A frequent question posed during patient consultations for balloon sinuplasty regards the long lasting effects of the procedure. Patients will inquire how permanent is balloon sinuplasty and whether they will need to have it repeated.
Balloon sinuplasty is a relatively quick (15 to 30 minute) office procedure in which a small balloon is guided into the opening of blocked sinuses, inflated, then deflated and removed. Each affected sinus is treated, and the results have been reported in over 100,000 dilations since its inception over a decade ago.
Fairly quick relief is achieved in most patients. As balloon sinuplasty has matured and become the standard of care for most patients suffering from chronic sinusitis not relieved by medical management, the natural question becomes - will I need to have it done again?
The answer is a definite - maybe. Sinuses are blocked for several reasons. First, there is the anatomic narrowing of the passage connecting the larger sinuses to the nose. Closure of these passages can lead to the common symptoms of chronic sinusitis - facial pain, pressure, eye pressure, headaches, recurrent infections. In addition to this narrowing, irritants, typically allergies, can cause swelling of these outflow tracts, also leading to blockage of the sinuses with the same range of symptoms. This latter etiology often responds to allergy and/or medical treatment. Such treatment is always the first route in treatment of these patients. In those who fail conservative medical therapy, balloon sinuplasty has become an excellent addition to the armamentarium.
For those with underlying allergies contributing to their chronic sinusitis condition, it is important to maintain good allergy control following the balloon sinuplasty procedure. Doing so will keep the mucosa (lining) of the nose healthy and help prevent these openings from re-closing. In patients with severe allergies, the mucosa lining may reconstruct the outflow tracts and repeat balloon sinuplasty may be indicated. Balloon sinuplasty may also be indicated in patients who have undergone endoscopic sinus surgery and whose symptoms recur following this.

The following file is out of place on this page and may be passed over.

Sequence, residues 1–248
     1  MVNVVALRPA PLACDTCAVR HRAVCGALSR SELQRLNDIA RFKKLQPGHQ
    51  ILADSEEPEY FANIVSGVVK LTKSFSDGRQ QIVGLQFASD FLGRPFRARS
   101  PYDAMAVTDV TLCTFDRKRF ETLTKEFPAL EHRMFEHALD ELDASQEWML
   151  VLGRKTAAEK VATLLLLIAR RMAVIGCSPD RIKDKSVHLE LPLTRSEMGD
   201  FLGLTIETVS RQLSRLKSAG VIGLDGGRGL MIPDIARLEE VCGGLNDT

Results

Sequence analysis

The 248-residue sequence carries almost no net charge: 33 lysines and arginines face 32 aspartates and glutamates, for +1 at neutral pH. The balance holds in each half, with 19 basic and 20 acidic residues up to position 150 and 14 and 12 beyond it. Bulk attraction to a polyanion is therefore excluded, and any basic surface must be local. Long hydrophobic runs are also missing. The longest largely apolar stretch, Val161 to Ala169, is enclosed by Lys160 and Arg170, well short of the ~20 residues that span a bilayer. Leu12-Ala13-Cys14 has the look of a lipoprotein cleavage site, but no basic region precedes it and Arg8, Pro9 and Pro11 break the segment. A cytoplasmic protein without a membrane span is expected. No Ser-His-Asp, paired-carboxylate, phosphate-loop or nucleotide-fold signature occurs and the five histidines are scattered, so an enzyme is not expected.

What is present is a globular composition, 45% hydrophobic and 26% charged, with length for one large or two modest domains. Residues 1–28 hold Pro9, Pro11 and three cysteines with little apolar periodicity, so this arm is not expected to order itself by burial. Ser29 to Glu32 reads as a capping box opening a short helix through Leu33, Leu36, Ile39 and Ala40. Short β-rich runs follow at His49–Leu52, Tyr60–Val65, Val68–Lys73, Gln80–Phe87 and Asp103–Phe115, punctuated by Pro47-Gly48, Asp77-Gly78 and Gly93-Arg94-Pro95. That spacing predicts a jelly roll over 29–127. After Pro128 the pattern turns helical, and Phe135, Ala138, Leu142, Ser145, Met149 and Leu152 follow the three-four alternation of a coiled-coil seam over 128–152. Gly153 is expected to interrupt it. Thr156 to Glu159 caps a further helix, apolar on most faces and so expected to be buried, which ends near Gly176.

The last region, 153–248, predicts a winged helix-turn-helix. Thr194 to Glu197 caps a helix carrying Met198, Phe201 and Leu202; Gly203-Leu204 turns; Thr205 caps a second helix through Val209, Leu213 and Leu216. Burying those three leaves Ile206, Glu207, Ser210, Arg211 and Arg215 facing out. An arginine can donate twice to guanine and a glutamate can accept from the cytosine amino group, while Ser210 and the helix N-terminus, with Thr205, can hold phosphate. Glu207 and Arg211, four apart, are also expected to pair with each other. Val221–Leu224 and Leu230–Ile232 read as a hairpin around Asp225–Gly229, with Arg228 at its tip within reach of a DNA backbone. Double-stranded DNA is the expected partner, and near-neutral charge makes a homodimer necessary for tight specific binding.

It is important to remember that the balloon sinuplasty procedure is a very anatomic and simple concept. It opens blocked outflow tracts of sinuses. It does not inherently treat the underlying sinus disease except to improve the airflow to the blocked sinuses. It is amazing how important it is for symptom control to unblock the sinuses. It is equally as important, however, to address the cause of the blockage. In patients who maintain good allergy and medical treatment for their underlying sinus disease, balloon sinuplasty should offer quick and permanent relief.
Nathan E. Nachlas, MD is medical director of The Nose and Sinus Institute of Boca Raton. He is a summa cum laude graduate of Yale, trained in sinus surgery at the Johns Hopkins Hospital where he served as Chief Resident and Assistant Chief of Service of the Department of Otolaryngology/ Head and Neck Surgery. He has been practicing in Boca Raton, Florida since 1987. For more information, please click below or call Sandy Friedman, Director of Patient Relations, at 561-939-0909.